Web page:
The Education Authority (EA) has analysed the financial position of about 1,000 schools for 2018/19. Its figures show 446 schools are projected to be in the red in 2018. Out of those 446, exactly 352 have seen their deficits increase since 2017/18. The BBC reports.
In 2018, for the first time, the EA has put schools into a number of categories depending on their budgetary situation. In the most serious category, 97 schools have increasing deficits of more than 5% of their total yearly budget and do not meet key sustainability criteria.
Meanwhile, 130 schools have increasing deficits of more than 5% of their total yearly budget but are judged to be sustainable.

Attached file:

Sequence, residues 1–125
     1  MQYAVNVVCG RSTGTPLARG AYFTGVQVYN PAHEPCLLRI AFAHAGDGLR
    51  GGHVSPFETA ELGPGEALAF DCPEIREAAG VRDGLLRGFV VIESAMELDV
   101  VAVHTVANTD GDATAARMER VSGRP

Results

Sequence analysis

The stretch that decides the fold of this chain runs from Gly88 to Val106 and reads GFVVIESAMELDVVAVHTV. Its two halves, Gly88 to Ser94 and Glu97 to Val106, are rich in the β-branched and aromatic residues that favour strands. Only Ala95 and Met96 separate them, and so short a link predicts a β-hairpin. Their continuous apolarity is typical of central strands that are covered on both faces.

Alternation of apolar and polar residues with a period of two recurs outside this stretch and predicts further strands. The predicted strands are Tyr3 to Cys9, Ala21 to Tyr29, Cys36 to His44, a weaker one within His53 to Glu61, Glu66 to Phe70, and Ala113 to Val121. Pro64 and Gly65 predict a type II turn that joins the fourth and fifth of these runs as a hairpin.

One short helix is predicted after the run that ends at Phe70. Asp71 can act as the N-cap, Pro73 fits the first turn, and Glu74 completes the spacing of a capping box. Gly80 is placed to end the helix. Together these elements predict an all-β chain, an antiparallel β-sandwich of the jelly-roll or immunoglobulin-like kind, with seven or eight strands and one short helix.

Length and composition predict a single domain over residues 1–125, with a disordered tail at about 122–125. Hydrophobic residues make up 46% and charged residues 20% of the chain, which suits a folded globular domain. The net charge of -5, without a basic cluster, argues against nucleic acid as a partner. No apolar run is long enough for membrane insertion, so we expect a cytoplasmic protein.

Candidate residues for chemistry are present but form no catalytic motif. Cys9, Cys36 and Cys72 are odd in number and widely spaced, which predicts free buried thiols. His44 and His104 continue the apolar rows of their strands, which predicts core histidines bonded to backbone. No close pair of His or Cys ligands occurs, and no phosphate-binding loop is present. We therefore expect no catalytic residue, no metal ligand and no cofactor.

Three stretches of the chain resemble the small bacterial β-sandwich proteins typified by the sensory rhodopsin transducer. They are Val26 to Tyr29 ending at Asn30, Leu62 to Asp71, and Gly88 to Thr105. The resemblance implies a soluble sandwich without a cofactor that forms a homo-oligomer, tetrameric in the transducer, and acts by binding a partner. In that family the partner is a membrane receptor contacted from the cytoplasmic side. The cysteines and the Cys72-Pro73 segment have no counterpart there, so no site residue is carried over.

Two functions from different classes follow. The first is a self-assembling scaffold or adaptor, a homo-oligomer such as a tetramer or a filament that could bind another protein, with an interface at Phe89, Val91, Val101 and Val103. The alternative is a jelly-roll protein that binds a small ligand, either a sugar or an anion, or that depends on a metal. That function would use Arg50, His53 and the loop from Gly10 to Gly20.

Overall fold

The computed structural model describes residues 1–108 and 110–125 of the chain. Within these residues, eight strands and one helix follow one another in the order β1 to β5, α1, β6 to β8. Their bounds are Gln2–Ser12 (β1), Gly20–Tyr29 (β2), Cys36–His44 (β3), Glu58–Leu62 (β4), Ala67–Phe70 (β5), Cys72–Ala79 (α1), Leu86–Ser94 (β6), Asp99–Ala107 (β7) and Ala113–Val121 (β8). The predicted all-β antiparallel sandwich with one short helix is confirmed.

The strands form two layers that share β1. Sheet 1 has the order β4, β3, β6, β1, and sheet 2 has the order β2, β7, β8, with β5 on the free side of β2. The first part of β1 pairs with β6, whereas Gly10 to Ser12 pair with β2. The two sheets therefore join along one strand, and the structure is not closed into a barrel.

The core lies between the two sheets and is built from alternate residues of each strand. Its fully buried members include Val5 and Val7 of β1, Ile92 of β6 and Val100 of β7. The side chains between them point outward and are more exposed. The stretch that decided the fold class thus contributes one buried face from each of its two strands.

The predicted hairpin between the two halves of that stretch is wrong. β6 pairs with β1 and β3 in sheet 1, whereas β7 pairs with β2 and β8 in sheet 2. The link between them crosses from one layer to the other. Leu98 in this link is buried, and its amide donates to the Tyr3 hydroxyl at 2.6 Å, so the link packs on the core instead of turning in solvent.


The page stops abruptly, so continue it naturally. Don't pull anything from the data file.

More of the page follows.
As a result, the EA is to appoint specialist staff to work with each of those 227 schools on their budget.
The NI Audit Office has also said that school budgets have reduced by 10% in real terms over the past five years.
The EA’s language and communication service has organised over 30 training courses for teachers in the next five months, but cannot pay schools for the cost of substitute teacher cover to enable staff to attend.
The principal of Dromara Primary, Andy Armstrong, said the situation was “beyond a joke”.
“I just felt so deflated, that while courses are being offered we can’t afford to send anyone,” he said.
Deidre Gillespie, principal of St Mary’s Grammar in Magherafelt, said there needs to be a “root and branch review” of how money is spent within the education system.
“Over the past six to seven years, schools have embarked on a series of cost-cutting measures and we’ve got to the stage now where there are no longer any savings to make within our budgets,” she said.
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